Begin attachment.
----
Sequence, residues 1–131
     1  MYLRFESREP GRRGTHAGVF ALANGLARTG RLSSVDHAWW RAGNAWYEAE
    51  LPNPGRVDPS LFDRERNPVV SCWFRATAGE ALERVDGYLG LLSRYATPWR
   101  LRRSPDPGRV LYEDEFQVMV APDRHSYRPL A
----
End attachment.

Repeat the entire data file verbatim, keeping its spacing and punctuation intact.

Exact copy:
Sequence, residues 1–131
     1  MYLRFESREP GRRGTHAGVF ALANGLARTG RLSSVDHAWW RAGNAWYEAE
    51  LPNPGRVDPS LFDRERNPVV SCWFRATAGE ALERVDGYLG LLSRYATPWR
   101  LRRSPDPGRV LYEDEFQVMV APDRHSYRPL A